The Panama Canal closed for 17 hours in early December 2010, only the third time in its 96-year history. Authorities closed the canal after heavy rains raised two artificial lakes associated with it, Alajuela and Gatun, to unprecedented levels. The heavy rains occurred in a persistent low-pressure area along the Intertropical Convergence Zone where winds from the Northern and Southern Hemispheres meet and fuel strong storms. The canal-closing rains in Panama continued a pattern of heavy rain in Central and South America from the previous month.
This color-coded image shows rainfall amounts from December 6 to December 12, 2010. The heaviest rainfall—more than 600 millimeters or nearly 24 inches—appears in dark blue. The lightest amounts—less than 75 millimeters or 3 inches—appear in light green. The heaviest rainfall occurs along the coast of northeastern Panama. Another pocket of heavy rain occurs along Colombia’s Pacific coast.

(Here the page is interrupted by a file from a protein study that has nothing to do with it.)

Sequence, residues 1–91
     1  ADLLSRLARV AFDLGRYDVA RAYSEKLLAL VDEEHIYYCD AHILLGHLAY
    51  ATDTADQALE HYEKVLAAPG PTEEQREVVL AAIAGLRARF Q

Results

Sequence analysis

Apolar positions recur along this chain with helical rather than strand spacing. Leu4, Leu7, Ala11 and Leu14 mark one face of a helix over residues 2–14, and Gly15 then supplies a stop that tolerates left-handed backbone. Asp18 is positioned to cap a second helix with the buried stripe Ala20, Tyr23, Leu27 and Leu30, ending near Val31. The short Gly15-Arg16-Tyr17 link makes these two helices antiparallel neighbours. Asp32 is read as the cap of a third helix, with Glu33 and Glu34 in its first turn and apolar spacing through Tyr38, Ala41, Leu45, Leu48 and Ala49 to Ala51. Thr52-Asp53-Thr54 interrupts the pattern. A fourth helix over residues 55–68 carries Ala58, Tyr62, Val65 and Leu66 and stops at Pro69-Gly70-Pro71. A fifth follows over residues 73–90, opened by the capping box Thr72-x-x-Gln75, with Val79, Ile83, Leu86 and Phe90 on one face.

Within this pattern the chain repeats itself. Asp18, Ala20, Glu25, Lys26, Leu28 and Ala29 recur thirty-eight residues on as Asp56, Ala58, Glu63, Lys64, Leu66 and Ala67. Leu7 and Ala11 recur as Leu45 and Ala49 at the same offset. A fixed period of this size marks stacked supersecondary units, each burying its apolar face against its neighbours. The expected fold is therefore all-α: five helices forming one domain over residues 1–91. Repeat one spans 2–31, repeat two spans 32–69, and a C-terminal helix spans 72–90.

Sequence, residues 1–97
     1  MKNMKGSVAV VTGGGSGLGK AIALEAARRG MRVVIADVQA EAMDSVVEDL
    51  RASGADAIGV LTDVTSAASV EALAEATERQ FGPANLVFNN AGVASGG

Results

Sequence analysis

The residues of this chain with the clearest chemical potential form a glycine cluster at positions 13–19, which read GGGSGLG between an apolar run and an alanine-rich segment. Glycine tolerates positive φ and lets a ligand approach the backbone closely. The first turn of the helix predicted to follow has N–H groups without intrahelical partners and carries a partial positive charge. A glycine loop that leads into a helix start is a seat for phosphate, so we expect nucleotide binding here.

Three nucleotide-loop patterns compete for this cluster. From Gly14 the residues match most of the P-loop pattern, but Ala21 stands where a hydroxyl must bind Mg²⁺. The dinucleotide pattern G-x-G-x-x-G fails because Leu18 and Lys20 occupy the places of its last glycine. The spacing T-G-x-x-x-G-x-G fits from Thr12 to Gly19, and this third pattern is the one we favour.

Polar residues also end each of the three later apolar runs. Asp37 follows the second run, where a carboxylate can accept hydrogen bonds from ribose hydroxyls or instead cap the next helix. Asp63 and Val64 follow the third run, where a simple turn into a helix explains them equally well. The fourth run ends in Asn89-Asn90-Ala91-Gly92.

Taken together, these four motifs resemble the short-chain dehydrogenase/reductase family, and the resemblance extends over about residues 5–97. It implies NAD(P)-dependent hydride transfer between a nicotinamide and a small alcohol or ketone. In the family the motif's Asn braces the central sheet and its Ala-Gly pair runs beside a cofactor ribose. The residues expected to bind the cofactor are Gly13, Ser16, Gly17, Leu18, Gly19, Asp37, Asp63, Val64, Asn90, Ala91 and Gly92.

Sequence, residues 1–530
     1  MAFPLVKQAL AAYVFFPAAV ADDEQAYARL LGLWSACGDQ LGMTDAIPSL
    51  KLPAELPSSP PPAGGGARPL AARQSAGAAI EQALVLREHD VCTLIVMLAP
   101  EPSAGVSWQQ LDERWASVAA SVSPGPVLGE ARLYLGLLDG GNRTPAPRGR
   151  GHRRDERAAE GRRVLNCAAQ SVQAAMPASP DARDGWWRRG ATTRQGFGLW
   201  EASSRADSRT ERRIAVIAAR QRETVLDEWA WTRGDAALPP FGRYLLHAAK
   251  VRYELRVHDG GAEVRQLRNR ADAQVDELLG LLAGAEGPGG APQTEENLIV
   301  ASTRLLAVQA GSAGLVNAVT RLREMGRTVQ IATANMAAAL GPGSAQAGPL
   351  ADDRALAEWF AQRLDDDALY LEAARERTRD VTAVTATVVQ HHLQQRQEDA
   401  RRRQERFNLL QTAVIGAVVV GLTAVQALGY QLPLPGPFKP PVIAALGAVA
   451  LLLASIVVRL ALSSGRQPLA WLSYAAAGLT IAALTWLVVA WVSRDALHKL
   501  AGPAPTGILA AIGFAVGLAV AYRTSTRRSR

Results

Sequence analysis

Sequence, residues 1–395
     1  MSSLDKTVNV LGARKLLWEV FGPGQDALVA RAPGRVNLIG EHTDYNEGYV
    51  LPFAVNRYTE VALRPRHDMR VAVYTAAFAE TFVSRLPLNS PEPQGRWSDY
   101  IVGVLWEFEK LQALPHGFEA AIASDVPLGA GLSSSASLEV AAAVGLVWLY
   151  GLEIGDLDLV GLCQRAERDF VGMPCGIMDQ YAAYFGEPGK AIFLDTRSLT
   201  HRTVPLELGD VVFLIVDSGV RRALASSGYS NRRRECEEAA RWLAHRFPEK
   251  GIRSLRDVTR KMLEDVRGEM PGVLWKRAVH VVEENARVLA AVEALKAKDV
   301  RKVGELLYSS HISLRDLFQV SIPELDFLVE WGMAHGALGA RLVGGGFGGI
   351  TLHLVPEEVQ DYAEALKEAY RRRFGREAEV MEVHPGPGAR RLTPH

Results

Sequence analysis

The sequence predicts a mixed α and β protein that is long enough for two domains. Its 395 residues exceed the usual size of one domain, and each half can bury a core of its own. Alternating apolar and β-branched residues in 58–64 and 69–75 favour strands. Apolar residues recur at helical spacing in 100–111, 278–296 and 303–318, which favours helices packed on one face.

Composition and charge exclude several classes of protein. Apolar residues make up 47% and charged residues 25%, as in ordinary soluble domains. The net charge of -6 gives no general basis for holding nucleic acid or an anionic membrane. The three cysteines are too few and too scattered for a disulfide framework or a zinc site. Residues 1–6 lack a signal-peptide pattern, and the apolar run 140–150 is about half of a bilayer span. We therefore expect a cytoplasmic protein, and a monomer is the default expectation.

Although the canal reopened on December 9, 2010, rain continued falling. On December 13, the Associated Press reported that 2,500 homes had been damaged and 10 people had been killed because of the heavy rains.
Previous closures of the Panama Canal occurred in 1989 when the United Sates invaded Panama to oust Manuel Noriega, and in 1915–1916 in the wake of local landslides.
This image is based on data from the Multisatellite Precipitation Analysis produced at NASA’s Goddard Space Flight Center, which estimates rainfall by combining measurements from many satellites and calibrating them using rainfall measurements from the Tropical Rainfall Measuring Mission (TRMM) satellite.
Tropical Storm Nicole maintained tropical-storm status for only a matter of hours, but the storm nevertheless poured torrential rains on the island nation of Jamaica. The heavy rain led to flash floods and landslides, which proved especially deadly in shantytowns along unstable banks.